United Technologies Corp.’s pending acquisition of Rockwell Collins still should be on track after receiving approval from American antitrust regulators — despite wider fears of China holding up deals, an analyst and a University of Iowa professor say.
The U.S. Department of Justice said this past Monday it would allow Farmington, Conn.-based UTC to complete the deal if Rockwell divests its pneumatic ice protection systems business, which develops products to clear ice off airplane wings, and its trimmable horizontal stabilizer actuator (THSAs) business, which develops products to keep airplanes level in the air.
Those two units do not include any facilities or jobs located in Iowa.
Rockwell already has agreed to sell the THSAs business to French aerospace company Safran S.A., which announced the purchase in its midyear earnings report, released Sept. 6.
The deal is undergoing regulatory scrutiny, but the company expects to close that sale in the first half of 2019.
UTC was hoping to close the Rockwell purchase by the end of third quarter, Sept. 30.
UTC Chief Executive Officer Greg Hayes said during an investor conference Sept. 14 that the remaining action was finding a buyer for one of the Rockwell divisions. He later said Safran was that announced buyer, but did not specify a buyer for the other division.
Hayes also told investors at that conference he expects Chinese antitrust regulators to approve the deal soon after the Justice Department gives its blessing.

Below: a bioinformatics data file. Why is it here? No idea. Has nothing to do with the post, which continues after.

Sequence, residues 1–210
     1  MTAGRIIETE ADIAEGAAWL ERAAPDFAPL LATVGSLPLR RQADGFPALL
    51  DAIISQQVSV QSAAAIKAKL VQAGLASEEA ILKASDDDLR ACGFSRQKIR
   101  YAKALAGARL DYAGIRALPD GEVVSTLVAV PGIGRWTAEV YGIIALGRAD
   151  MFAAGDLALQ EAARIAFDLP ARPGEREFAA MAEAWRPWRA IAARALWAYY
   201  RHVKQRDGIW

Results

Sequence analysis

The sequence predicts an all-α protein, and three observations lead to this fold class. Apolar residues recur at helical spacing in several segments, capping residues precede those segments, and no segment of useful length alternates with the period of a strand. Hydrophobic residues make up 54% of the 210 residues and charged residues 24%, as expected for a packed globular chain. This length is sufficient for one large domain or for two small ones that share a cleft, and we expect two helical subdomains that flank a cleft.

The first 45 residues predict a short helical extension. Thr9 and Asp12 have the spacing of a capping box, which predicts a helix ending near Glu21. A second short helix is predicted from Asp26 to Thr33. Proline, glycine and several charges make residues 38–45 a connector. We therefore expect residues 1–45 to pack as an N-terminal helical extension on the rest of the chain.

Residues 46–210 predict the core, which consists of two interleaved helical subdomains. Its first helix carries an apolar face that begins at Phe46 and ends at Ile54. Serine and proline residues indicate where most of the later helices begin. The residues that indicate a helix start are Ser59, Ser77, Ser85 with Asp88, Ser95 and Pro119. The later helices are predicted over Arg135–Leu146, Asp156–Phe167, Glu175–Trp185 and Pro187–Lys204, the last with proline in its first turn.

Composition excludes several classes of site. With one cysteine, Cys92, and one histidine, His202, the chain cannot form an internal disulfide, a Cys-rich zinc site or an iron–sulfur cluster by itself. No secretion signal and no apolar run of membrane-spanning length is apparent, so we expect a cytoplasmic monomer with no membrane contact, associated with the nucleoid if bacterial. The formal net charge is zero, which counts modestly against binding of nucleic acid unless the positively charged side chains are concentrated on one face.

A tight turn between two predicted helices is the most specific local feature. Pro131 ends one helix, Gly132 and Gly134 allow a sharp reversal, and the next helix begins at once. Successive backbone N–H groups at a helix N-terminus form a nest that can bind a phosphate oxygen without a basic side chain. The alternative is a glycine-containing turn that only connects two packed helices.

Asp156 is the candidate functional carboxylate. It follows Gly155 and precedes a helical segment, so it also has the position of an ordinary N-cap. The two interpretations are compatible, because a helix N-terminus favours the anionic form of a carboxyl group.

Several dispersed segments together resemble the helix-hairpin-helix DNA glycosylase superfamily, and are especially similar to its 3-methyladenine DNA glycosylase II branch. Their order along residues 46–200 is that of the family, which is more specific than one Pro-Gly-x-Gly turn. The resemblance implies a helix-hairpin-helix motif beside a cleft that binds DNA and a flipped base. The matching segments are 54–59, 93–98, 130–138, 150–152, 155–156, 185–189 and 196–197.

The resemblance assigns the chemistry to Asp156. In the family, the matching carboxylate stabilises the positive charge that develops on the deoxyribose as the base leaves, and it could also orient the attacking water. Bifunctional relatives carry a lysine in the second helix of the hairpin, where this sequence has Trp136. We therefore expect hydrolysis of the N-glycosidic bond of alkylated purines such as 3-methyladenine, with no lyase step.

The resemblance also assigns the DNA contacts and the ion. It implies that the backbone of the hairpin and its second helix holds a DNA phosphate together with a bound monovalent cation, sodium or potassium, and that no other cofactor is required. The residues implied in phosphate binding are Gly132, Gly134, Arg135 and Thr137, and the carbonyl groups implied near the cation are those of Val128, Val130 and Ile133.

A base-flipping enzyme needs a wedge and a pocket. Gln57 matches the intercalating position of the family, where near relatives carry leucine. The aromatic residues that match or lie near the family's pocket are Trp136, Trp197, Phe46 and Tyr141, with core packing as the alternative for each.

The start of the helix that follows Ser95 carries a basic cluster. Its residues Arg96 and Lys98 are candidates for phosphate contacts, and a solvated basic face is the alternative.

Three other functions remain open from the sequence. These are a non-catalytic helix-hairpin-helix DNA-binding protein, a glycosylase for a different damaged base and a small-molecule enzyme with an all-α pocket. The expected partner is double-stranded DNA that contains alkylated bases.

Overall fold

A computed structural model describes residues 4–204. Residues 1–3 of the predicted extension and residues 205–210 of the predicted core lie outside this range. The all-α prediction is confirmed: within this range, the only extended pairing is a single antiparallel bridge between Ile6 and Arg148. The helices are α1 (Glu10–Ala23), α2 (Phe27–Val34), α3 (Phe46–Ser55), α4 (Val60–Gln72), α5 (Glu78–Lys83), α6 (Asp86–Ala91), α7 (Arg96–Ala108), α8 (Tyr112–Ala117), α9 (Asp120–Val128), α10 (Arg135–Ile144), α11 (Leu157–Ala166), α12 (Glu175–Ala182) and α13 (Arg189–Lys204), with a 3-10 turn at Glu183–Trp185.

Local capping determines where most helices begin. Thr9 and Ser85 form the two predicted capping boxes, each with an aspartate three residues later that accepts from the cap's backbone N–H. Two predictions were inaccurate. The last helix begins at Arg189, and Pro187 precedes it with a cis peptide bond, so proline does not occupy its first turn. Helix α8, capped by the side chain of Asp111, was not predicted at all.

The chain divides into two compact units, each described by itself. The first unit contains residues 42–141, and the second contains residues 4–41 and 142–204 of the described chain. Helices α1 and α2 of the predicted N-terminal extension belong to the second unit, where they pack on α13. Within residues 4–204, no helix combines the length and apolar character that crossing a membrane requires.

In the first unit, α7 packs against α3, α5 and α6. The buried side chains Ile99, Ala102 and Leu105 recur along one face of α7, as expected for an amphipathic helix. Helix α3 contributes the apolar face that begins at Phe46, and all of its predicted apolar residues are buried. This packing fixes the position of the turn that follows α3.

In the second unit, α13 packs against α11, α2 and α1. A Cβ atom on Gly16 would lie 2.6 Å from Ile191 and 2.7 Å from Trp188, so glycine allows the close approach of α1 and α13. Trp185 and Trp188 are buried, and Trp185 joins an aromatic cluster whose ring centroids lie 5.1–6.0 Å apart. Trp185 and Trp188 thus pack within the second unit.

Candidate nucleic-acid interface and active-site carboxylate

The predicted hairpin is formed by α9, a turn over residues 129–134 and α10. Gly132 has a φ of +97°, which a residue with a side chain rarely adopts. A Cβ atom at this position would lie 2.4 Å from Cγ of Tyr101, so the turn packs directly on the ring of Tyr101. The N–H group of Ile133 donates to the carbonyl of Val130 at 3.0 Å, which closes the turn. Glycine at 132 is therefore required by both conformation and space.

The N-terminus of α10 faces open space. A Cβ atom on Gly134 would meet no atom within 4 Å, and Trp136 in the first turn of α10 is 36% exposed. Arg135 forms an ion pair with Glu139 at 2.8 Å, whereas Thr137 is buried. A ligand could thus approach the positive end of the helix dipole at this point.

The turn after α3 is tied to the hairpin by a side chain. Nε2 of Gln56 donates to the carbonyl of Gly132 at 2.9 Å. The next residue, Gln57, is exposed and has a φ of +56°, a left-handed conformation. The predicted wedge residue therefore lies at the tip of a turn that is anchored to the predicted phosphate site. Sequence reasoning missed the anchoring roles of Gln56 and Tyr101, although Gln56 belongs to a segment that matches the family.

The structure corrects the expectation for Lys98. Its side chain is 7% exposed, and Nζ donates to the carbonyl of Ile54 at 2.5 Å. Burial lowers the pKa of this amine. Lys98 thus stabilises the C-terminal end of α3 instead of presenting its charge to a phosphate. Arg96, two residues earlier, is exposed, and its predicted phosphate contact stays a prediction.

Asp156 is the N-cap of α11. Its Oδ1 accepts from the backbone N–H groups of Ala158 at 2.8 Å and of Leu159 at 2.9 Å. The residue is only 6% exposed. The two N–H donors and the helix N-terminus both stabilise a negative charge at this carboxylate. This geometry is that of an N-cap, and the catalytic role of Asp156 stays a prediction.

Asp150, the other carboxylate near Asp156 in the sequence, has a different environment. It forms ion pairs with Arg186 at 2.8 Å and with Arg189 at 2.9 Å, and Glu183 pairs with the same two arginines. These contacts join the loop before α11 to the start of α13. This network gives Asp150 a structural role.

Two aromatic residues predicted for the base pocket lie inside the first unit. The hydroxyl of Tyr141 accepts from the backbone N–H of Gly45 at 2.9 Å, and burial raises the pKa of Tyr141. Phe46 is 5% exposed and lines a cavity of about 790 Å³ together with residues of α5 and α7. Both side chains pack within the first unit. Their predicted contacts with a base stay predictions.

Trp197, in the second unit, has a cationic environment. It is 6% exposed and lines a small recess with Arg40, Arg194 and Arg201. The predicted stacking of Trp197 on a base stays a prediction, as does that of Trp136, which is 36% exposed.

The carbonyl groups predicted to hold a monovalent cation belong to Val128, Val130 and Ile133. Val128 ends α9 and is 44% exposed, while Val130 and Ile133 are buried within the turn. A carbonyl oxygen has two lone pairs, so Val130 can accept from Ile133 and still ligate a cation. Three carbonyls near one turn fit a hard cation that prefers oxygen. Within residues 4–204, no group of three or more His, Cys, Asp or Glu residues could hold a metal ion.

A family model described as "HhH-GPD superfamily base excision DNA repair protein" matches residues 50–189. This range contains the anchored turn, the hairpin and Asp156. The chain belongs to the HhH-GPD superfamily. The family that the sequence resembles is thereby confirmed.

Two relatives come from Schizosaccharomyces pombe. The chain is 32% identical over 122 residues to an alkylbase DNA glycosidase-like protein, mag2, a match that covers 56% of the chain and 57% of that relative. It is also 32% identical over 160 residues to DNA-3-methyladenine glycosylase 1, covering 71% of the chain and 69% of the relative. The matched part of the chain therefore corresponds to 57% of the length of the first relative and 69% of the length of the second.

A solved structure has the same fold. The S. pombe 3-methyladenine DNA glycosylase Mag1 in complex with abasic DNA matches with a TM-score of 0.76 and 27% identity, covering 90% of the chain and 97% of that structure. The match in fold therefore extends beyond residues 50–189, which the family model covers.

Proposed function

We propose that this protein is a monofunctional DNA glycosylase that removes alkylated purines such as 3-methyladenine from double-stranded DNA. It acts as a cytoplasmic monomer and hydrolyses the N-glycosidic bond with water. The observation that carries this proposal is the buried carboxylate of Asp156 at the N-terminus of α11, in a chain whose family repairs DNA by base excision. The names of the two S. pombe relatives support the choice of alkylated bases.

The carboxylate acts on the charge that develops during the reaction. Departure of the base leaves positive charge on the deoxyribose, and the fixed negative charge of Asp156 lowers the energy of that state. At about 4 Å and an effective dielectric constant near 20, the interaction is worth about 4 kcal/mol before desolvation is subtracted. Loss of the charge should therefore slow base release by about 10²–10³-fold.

However, ongoing trade tensions between China and United States could raise a high hurdle for that deal to clear as Beijing seeks more leverage points against the Trump administration on several deals with American companies involved.
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Brian Langenberg, an industrial analyst with Langenberg and Company in Chicago, said he doesn’t see an antitrust issue with the acquisition, but the present U.S.-China relationship doesn’t help in getting Beijing’s blessing.
“The current reality of the situation that there are many ways to have trade competition or trade conflict beyond tariffs, and this could absolutely be one of those situations,” he said.
The idea has precedence. In late July, American smartphone chipmaker Qualcomm Inc. abandoned its bid to buy Netherlands-based NXP for $44 billion after Chinese regulators didn’t give approval by the deadline.
However, Richard Aboulafia, vice president of Analysis at Virginia-based aerospace research company Teal Group, said China will get some technology transfers from the two companies as part of the terms of their approval — a key reason why he doesn’t believe China will interfere with the acquisition.
“Basically they’d be saying, ‘you’ve agreed to all our terms, but now we’re going to hit back and you and not only that, we’re going to draw attention to exactly the intellectual property grabs that the Trump administration doesn’t like about us,’” he said. “It’s a bunch of a self-inflicted wounds for no return.”
Yiming Qian, a finance professor at the University of Iowa, said the Qualcomm-NXP deal’s failure isn’t enough to constitute a pattern, particularly because China is a major manufacturing base for smartphone makers.
She also said the two weeks after getting Justice Department approval isn’t a long time in the realm of mergers and acquisitions. Although stakeholders in the deal will become more nervous as time goes by without a green light from Beijing, she said both UTC and Rockwell seem confident that they’ll eventually secure approval.
“I understand the concern, but I’m not sure from what I’ve observed so far that that’s a card China is playing for the purpose of the trade war,” she said.
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